Governor O'Malley has been an advocate of GIS for years and has used GIS technology to improve government functions and service. We are delighted to have him speak at the seminar.
Redlands, California (PRWEB) July 30, 2008
On Sunday, August 3, 2008, Maryland Governor Martin O'Malley will address attendees at the 15th Annual ESRI Senior Executive Seminar in San Diego, California. Senior-level executives will gather at this event to discuss enterprise geographic information systems (GIS) and then attend the ESRI International User Conference, which starts August 4.
"GIS is an important part of our performance-based approach to government," said Governor O'Malley. "By analyzing our performance in a geographic context, we are able to reduce operating costs, increase revenue streams, and improve the quality of service we deliver to citizens. An efficient government is one that uses resources responsibly and effectively, and this approach to operations helps us achieve that."
O'Malley will discuss the performance measurement and management accountability programs StateStat and BayStat, which are largely based on the CitiStat model created in 2000 while he was serving as mayor of Baltimore, Maryland. StateStat monitors the performance of individual state agencies, tracking both inputs and outputs. BayStat evaluates state initiatives directed at improving the health of Chesapeake Bay and includes data from the state's departments of Agriculture, Environment, Natural Resources, and Planning. All three programs are based on the same four principles: providing timely, accurate information that is shared by all; rapidly deploying resources for real-time responses; creating effective tactics and strategies; and encouraging relentless follow-up and assessment.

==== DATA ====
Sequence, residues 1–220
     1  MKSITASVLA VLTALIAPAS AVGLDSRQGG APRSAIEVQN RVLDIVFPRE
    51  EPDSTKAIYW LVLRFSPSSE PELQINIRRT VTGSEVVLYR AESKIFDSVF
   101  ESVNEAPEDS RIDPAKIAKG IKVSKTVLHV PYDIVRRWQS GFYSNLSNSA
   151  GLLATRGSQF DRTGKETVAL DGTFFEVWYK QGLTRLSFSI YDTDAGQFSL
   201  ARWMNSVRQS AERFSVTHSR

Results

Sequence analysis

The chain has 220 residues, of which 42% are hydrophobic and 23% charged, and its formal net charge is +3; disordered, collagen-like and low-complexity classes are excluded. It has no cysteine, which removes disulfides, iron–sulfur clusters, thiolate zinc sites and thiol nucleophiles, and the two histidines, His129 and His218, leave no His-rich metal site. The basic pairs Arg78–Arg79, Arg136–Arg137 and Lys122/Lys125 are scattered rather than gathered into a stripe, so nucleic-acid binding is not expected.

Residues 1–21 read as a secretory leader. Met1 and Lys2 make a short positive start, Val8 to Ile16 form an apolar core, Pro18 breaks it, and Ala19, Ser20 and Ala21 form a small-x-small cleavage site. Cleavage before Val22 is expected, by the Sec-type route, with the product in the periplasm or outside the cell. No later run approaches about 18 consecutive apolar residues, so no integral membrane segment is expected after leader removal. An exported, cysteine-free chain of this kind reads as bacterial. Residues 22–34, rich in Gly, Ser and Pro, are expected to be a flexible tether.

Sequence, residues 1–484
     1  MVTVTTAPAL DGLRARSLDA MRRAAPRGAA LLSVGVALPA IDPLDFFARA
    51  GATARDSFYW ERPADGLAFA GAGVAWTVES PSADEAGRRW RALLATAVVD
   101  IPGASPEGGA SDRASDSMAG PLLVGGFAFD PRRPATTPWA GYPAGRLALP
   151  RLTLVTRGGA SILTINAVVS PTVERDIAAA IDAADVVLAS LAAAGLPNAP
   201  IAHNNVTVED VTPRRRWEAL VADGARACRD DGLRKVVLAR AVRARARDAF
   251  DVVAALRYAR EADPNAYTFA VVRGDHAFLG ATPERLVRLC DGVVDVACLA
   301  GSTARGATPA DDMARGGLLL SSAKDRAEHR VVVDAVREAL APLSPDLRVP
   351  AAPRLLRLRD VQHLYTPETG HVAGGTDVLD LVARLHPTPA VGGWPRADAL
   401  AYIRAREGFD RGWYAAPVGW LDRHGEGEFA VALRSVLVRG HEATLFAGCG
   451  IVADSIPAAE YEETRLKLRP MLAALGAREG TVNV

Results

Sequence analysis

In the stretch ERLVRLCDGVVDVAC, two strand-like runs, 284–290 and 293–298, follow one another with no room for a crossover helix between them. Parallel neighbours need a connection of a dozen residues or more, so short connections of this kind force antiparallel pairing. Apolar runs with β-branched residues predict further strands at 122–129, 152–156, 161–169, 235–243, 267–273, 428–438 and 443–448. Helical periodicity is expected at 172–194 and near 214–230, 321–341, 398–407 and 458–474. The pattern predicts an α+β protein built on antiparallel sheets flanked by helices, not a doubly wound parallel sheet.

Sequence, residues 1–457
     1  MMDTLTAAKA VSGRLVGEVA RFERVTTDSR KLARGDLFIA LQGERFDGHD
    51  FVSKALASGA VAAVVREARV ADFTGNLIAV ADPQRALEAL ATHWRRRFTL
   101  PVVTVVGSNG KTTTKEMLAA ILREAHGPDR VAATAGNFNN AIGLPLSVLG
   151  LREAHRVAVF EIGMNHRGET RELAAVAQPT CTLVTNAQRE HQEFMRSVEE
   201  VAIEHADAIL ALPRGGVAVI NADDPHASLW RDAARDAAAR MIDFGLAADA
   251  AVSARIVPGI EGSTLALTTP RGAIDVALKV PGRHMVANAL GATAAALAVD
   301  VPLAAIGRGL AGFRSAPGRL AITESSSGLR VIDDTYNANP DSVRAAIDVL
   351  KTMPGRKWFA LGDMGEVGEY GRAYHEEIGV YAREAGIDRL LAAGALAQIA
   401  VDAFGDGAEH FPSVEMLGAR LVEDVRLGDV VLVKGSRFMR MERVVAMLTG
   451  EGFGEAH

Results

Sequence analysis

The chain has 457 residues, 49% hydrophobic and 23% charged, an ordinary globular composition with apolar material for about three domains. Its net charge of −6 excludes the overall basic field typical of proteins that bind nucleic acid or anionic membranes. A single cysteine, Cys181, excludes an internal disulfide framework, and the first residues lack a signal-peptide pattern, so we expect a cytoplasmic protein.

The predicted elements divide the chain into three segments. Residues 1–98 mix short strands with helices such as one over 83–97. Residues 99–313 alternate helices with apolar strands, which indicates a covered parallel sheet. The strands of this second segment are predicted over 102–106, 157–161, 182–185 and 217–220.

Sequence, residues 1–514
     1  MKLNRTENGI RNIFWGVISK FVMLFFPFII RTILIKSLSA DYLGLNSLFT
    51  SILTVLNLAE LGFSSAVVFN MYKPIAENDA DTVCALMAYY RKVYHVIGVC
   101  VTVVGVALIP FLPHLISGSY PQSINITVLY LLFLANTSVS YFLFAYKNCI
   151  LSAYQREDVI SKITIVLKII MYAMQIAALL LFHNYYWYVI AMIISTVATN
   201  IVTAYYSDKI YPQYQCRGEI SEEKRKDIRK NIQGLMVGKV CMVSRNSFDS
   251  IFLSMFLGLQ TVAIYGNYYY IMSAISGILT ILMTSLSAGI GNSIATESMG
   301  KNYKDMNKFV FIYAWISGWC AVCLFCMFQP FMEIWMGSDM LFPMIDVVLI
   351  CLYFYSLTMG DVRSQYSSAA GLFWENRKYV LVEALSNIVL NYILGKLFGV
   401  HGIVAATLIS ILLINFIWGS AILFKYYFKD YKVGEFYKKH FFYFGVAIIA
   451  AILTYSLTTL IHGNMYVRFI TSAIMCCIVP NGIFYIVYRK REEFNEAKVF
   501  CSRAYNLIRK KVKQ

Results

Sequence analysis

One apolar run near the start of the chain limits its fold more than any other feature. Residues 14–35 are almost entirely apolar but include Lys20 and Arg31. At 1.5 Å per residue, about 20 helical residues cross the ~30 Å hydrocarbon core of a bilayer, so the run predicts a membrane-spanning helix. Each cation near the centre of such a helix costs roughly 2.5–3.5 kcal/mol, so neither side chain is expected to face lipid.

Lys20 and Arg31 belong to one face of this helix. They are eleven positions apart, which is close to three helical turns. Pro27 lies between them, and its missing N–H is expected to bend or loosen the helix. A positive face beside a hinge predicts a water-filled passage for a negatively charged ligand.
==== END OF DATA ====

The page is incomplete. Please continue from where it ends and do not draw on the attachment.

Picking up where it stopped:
For each of these programs, ESRI's ArcGIS technology provides a platform for managing geographic data and conducting analysis. With this geospatial technology, for example, staff can examine land protection and growth strategies, then prioritize funding.
"GIS allows leaders to visualize vast amounts of data, identify problems, and quickly make informed decisions that are critical to an organization," said ESRI President Jack Dangermond. "Governor O'Malley has been an advocate of GIS for years and has used GIS technology to improve government functions and service. We are delighted to have him speak at the seminar."
The ESRI International User Conference will be held in San Diego August 4-8. For more information, visit http://www.esri.com/uc.
Since 1969, ESRI has been giving customers around the world the power to think and plan geographically. The market leader in GIS, ESRI software is used in more than 300,000 organizations worldwide including each of the 200 largest cities in the United States, most national governments, more than two-thirds of Fortune 500 companies, and more than 7,000 colleges and universities. ESRI applications, running on more than one million desktops and thousands of Web and enterprise servers, provide the backbone for the world's mapping and spatial analysis. ESRI is the only vendor that provides complete technical solutions for desktop, mobile, server, and Internet platforms. Visit http://www.esri.com.
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